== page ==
One of the sport's most prominent owners of his time, Hugh Grant owned both Standardbreds and Thoroughbreds but was fond of saying. My best investment in horses is Del Miller". He and Hall of Fame driver Miller bred and raced some of the best Standardbreds in the land. Among Grant's great harness horses were Tarport Hap, Countess Adios, Adios Betty, Meadow Chuck, Thorpe Hanover, O'Brien Hanover and one of the foremost sires of all time, Meadow Skipper. Grant twice won Harness and Thoroughbred stakes on the same day. In 1959 his filly Airman's Guide won the Black-Eyed Susan at Pimlico and that evening Countess Adios, another filly, won the Messenger Stake at Roosevelt. He died August 1, 1979, at age 67.

 

Hugh A. (Andy) Grant Jr.,1991

 

GRATTAN BARS p, 1:59 1976 [1923-1941]

A Canadian horse, by Grattan Royal-Polly Bars, foaled in 1923, Grattan Bars broke many records in 1928 and became a sensation in the U.S. by winning three $25,000 events in thirteen days. His quick rise ended almost as quickly as it began. At the age of five he was retired to stud and shipped back to Canada. He died in 1941 at the age of eighteen.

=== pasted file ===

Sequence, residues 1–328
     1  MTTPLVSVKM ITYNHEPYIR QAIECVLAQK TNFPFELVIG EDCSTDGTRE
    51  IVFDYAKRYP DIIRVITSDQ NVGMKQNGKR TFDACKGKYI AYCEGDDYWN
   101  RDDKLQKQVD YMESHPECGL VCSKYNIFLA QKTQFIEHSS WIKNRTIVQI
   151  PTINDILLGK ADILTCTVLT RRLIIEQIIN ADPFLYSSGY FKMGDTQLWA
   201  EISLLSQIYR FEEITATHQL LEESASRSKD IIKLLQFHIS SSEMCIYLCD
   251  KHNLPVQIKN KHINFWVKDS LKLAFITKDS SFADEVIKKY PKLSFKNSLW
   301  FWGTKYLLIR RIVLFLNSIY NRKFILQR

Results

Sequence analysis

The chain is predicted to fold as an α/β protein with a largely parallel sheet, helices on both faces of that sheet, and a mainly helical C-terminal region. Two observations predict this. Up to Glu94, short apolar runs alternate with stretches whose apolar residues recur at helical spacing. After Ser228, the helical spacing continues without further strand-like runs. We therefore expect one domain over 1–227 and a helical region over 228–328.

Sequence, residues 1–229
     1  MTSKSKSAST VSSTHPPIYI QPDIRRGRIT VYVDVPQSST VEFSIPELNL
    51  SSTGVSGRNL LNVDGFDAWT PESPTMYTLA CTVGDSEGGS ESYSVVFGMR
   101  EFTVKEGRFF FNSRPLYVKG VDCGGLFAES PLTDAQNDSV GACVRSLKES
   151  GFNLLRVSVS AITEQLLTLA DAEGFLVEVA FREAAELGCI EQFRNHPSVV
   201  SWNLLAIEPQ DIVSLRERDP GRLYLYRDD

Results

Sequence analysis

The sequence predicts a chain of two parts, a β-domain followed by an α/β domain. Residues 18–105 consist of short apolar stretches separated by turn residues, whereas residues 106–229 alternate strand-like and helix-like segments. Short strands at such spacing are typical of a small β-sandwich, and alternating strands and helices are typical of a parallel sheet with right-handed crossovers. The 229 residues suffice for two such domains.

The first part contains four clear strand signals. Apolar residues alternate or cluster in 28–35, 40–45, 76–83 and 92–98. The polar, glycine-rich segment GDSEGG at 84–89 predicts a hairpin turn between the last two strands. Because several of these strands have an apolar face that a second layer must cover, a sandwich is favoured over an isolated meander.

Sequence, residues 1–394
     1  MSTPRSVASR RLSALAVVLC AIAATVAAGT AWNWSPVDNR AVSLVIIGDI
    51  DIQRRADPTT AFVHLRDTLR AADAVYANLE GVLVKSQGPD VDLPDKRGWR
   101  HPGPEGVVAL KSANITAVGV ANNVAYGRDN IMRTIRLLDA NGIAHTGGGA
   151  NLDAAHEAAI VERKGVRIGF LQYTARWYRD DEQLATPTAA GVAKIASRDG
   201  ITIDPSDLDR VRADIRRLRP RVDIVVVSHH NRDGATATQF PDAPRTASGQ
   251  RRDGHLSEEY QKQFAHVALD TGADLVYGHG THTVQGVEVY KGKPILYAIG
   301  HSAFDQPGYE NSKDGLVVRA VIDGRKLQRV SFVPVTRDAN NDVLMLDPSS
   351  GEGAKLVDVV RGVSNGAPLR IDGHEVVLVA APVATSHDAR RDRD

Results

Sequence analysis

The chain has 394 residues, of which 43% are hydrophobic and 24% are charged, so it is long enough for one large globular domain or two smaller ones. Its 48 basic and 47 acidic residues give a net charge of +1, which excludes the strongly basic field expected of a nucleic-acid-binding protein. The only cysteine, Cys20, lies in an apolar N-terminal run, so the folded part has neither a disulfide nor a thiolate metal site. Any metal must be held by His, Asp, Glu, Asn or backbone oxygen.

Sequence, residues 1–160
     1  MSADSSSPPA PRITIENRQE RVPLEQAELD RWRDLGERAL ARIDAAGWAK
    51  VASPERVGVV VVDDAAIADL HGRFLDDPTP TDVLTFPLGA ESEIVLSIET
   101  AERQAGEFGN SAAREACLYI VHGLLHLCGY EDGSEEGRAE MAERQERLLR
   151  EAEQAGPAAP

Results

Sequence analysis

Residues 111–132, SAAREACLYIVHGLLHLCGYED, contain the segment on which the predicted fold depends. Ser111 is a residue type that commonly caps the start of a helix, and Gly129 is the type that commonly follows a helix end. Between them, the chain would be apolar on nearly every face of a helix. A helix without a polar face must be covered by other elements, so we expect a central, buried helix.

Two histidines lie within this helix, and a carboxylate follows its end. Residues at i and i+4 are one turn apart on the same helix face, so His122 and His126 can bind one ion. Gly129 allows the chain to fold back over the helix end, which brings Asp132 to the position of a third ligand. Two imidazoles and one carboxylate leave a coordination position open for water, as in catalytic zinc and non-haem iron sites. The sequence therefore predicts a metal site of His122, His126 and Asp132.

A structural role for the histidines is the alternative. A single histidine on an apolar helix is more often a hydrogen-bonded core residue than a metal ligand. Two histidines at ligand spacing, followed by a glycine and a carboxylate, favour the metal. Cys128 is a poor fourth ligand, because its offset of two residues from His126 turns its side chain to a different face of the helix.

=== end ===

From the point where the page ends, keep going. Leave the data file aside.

PERCY GRAY 1978 [1891-1977]

A lifelong breeder and owner of harness horses, from the 1940's to the 1970's, Percy Gray and his brother Jere, of Swansea, MA operated a successful stable. In 1947 and 1948 the Gray Stables, with trainer-driver Franklin Safford, practically swept the Juvenile pacing events on the Grand Circuit with Knight Dream, a world champion both years. Other out-standing horses owned by the Grays included Knight Time, Parson's Bret and Glory. Percy Gray was a trustee of The Hall of Fame of the Trotter. He died June 21, 1977 at age 86 in Fall River, MA.